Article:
Turkey: Paşaeli 6N karasakiz merlot 2017, 75cl, 14.5%: £21, Red Squirrel
We've heard wine experts describe wine as “chewy” which perhaps in this case would be quite appropriate, as the karasakiz grape – which makes up around 80 per cent of the wine (the rest is the more familiar merlot) – translates as “black chewing gum”. Happily there’s nothing quite that dense here, but you do get potent red fruit, cherry and cranberry flavours with notes of herbs and spice. It’s only grown in a small area, fewer that 50 hectares, near the site of the ancient city of Troy. Hidden treasure indeed.
Moldova: Château Vartely dealu nucului cabernet sauvignon 2017, 75cl, 14%: £10.49, Laithwaite’s
Moldovan wine featured briefly but memorably in an episode of Jack Whitehall’s Travels With My Father last year, when Moldova was revealed as the country that kept Russian imbibers happy during the Cold War. We imagine they’d have been more than pleased with this fruity cabernet sauvignon, with its layers of blackberry, dark cherry and plum and hints of spice and vanilla. It’s ready to drink now, although it should get even better with age.
Georgia: Iberiuli kisi qvevris orange wine 2017, 75cl, 13%: £16, Taste of Georgia
Orange wine, so called because of the amber hue produced when the white wine spends six months in contact with the skins, is a bit of a Marmite product. Some love it, others aren’t so keen. Yet this best in show winner at the Decanter Asian wine awards could convert even the sternest critics. A hugely aromatic wine where apple, pear and soft fruit flavours are complemented by hints of marzipan and roasted almonds.
Switzerland: Aigle Les Murailles AOC chablais 2016, 75cl, 13%: £27.94, Alpine Wines
For a country famous for its watches, chocolate, cheese and the odd bank or two, wine may not spring to mind as a typical Alpine product. Which is a shame as its wine is some of the best you’ll find anywhere, including this superb white made from the local chasselas grape. Fruity on the tongue with floral hints and a pleasing minerality, it’s a splendid accompaniment to any good fish dish. Get it and buy into one of Europe’s best-kept wine secrets.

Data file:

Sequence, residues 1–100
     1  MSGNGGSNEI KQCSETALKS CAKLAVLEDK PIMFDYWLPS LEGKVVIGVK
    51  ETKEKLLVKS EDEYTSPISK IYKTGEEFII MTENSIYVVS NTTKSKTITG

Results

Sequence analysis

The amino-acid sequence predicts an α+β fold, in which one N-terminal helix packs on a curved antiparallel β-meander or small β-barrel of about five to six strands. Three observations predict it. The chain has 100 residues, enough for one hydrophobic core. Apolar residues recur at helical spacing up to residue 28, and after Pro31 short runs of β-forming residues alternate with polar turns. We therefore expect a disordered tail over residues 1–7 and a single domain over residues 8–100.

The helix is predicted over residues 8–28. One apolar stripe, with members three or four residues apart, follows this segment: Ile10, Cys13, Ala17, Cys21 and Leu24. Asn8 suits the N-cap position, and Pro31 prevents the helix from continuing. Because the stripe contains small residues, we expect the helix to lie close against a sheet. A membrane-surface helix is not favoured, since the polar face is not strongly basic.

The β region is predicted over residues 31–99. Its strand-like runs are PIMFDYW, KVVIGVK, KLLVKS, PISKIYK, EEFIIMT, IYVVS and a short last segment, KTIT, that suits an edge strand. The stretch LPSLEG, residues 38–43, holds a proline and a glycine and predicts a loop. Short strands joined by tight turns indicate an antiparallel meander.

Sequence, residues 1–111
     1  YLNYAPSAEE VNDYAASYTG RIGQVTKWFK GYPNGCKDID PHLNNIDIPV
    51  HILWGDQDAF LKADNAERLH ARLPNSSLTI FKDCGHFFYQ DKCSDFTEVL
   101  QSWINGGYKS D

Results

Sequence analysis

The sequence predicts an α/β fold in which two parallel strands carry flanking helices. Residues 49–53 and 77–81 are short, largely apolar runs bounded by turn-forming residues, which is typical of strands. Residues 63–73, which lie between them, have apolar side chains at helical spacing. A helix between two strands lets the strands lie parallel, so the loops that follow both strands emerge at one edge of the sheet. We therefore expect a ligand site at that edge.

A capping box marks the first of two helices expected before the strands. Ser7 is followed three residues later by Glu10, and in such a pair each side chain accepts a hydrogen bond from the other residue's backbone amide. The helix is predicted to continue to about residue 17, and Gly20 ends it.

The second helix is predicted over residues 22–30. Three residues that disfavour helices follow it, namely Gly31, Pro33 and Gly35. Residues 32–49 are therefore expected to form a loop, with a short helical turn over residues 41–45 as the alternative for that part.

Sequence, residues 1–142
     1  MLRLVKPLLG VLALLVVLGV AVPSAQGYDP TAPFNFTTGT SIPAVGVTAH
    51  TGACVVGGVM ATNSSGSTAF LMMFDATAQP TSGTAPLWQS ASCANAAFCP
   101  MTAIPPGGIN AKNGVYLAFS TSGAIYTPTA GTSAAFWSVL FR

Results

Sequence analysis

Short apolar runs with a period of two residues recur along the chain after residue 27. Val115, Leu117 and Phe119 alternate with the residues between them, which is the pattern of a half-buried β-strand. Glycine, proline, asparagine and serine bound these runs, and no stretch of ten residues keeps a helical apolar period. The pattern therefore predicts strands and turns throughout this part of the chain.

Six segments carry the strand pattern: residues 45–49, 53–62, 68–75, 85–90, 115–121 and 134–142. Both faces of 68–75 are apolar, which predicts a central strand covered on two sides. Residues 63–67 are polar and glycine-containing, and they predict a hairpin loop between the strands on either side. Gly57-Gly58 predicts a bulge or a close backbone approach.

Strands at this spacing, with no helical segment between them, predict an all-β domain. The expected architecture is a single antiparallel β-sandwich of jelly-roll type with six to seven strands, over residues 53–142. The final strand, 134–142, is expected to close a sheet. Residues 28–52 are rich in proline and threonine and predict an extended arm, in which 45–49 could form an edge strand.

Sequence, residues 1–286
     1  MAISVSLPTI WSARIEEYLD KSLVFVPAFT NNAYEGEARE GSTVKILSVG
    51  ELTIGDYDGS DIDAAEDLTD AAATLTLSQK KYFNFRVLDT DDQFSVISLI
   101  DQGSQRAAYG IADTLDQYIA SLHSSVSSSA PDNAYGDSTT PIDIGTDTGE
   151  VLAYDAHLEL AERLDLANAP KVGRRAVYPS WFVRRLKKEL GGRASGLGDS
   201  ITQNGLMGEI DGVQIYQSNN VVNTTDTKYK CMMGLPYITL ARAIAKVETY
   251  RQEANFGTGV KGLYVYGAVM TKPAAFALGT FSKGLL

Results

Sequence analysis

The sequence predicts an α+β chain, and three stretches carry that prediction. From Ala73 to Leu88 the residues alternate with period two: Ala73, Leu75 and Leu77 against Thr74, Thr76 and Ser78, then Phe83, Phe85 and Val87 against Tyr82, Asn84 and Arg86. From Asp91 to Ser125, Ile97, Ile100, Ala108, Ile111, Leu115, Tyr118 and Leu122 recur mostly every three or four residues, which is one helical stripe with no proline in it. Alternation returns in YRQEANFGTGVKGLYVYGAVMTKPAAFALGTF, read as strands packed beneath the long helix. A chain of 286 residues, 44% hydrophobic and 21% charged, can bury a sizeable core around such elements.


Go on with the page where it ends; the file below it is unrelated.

Macedonia: Tikves cuvée Cyril, 75cl, 12%: £9.99, Novel
Once you’ve got past the barrier of buying a wine called Cyril, you’ll find an off-dry white wine made from chardonnay plus the indigenous smederevka and rkatsiteli grapes in the central Macedonian area of Tikves, under the watchful eye of French wine consultant Philippe Cambie. There are plenty of ripe fruit flavours here with a mango and soft fruit appeal and a medium acidity.
Switzerland: Gamaret-Garanoir expression 2016, 75cl, 13.5%: £19.08, Alpine Wine
A wine that combines the local gamaret and garanoir grapes to produce one of the Swiss wine world’s little surprises – a red wine that goes really well with a hot curry. Why a wine from an Alpine country should perfectly match food from the Asian continent remains a mystery, but there’s no getting away from the rich, plum and soft-fruit flavours and the vanilla creaminess that give this wine its special appeal.
The verdict: European wines from non-EU countries
There’s some odd-sounding names here and a range of grape varieties that deserve to better known. Our best buy is the intensely fruity and refreshing Paşaeli yapincak from Turkey, a standout white wine with its tangy charm and citrussy appeal.